President: An amnesty law would be a catastrophe for the Romanian democracy
President Klaus Iohannis says he will oppose an amnesty law with all the power that his position offers him, should the new Government and the majority in the Parliament promote such a bill.
"A law of amnesty and pardon, which would not only wash away the sins of some thieves that can be dangerous to people and society but would also clean the politicians’ criminal files, would be a catastrophe for Romanian democracy," Iohannis said on Friday as he attended the meeting for the formation of the new Superior Council of Magistracy (CSM), the institution that has the role to ensure that justice in Romania is independent.
The statement came after Romania’s new justice minister Florin Iordache said on Wednesday, after the hearing for endorsement in the parliamentary committees, that, although a law on amnesty wasn't supported during the electoral campaign, "the idea of discussing such a law in the Parliament is auspicious."
On Friday, the President expressed his concerns related to this idea, saying that, although some would say that he speaks nonsense, he believes that a President should also say things before they happen.
"If we take a look around Mr. minister, don’t take it personally but I found that the ministed of justice, in the whirl of hearings, said, and I hope I didn’t misunderstand, that it would be appropriate to discuss a law on amnesty and pardon in the Parliament. At the same time, I can’t pretend not to see that the president of the Chamber of Deputies is a convicted person with another prosecution in progress. The Senate president is a person prosecuted for a criminal lie. That, ladies and gentlemen, is what I call worrying circumstances," Klaus Iohannis said.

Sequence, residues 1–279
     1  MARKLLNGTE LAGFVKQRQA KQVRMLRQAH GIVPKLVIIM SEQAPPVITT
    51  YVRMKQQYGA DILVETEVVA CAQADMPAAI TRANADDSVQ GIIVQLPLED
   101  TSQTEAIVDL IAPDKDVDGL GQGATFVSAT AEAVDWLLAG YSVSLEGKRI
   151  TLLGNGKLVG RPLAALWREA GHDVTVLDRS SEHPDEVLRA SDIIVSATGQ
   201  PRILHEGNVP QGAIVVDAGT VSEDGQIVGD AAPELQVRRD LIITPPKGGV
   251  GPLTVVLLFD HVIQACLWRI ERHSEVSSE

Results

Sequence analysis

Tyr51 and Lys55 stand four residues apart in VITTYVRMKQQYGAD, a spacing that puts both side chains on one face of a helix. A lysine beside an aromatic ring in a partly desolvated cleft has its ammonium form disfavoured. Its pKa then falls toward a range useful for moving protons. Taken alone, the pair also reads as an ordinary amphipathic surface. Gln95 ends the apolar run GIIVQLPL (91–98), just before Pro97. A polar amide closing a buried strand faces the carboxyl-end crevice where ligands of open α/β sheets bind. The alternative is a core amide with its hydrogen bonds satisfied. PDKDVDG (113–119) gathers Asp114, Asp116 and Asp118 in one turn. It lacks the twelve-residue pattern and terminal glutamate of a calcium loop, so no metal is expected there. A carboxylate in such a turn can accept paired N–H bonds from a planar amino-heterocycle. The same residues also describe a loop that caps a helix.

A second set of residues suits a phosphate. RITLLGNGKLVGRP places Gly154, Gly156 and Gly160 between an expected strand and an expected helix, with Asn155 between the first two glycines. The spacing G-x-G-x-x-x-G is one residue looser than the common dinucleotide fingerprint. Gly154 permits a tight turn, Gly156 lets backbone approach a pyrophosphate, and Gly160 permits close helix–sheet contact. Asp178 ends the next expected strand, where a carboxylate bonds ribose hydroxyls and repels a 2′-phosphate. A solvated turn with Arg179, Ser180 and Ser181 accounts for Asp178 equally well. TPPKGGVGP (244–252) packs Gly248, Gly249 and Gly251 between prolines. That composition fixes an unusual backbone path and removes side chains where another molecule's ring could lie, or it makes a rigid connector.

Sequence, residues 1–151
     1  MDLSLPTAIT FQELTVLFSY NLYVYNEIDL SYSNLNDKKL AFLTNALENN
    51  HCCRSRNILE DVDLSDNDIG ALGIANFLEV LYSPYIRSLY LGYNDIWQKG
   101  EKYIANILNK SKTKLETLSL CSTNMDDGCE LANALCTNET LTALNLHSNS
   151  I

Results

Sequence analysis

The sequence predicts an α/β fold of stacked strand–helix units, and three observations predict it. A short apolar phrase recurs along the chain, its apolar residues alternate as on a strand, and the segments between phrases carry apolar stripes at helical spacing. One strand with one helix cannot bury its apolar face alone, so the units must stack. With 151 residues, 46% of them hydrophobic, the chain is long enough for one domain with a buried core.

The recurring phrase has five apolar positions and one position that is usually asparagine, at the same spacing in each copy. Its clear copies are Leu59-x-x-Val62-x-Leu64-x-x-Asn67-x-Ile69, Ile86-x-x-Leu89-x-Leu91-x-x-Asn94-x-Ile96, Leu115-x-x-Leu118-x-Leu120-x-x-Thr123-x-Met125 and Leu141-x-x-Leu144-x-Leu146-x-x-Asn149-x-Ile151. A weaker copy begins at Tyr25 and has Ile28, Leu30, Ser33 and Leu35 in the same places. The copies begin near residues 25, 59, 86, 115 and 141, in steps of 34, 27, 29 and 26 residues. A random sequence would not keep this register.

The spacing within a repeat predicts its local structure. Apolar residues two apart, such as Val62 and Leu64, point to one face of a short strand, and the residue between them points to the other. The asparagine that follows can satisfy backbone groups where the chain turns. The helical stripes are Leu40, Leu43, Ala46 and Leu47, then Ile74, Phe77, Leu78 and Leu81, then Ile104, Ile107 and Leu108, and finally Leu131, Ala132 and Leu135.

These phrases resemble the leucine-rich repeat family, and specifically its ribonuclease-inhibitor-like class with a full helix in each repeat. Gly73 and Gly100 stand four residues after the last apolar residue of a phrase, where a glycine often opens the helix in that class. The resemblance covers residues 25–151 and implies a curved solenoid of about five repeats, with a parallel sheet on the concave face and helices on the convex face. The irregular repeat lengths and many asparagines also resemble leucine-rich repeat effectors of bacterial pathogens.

The Chamber of Deputies president, Liviu Dragnea, who is also the leader of the Social Democratic Party (PSD), was convicted to two years of probation in a case related to the electoral fraud at the 2012 referendum organized to dismiss former President Traian Basescu. The DNA prosecutors, who conducted that investigation, last year sent Dragnea to court in another case in which they charged him with abuse of power.
Meanwhile, the Senate president Calin Popescu Tariceanu, who also leads the Liberal Democratic Alliance (ALDE), was sent to court last year for lying under oath during his testimony in a case of illegal restitution involving alleged royalties, local politicians and businessmen, and Israeli billionaires.
Iohannis added during his Friday statement that such a law would cause a precedent that would lead to the disappearance of equality before the law, and thus to the disappearance of the rule of law in Romania.
"If there were such an initiative, I’d oppose it with the full weight and power of the presidential office! I hope it will not be the case," the President said.
Former justice minister Raluca Pruna also talked on Thursday about the current minister’s statement on the amnesty law, saying that such a law would not solve the problems in prisons.
Informal discussions about an amnesty law have surfaced repeatedly in recent years. Those who support such a project claim that Romania's prisons are overcrowded and lack the proper conditions to hold so many inmates, which has determined several decisions of the European Court of Human Rights (ECHR) against the Romanian state. Romania was thus forced to pay significant sums to inmates who complained to ECHR about the detention conditions.
Last year, the inmates in several Romanian prisons started riots over the detention conditions. The idea of an amnesty law reemerged at that time, as the alternative would be to build more prisons, a solution that requires both more money and a longer time to implement.
However, the main worry is that some of those who promote and amnesty and pardon law also want to clear up the criminal records of the local politicians and businessmen with political connections who have been charged and even sent to jail for corruption in recent years.
The new justice minister Florin Iordache was one of the MPs who allegedly supported an amnesty and pardon law that was on the Parliament's agenda on December 10, 2013, a day also known as the "Black Tuesday", according to the local media. The draft bill was dropped at that time due to opposition from NGOs and foreign embassies.
Romania’s President gives cold welcome to new cabinet: You have to fulfill complicated promises
Irina Popescu, email@example.com
(Photo source: Presidency.ro)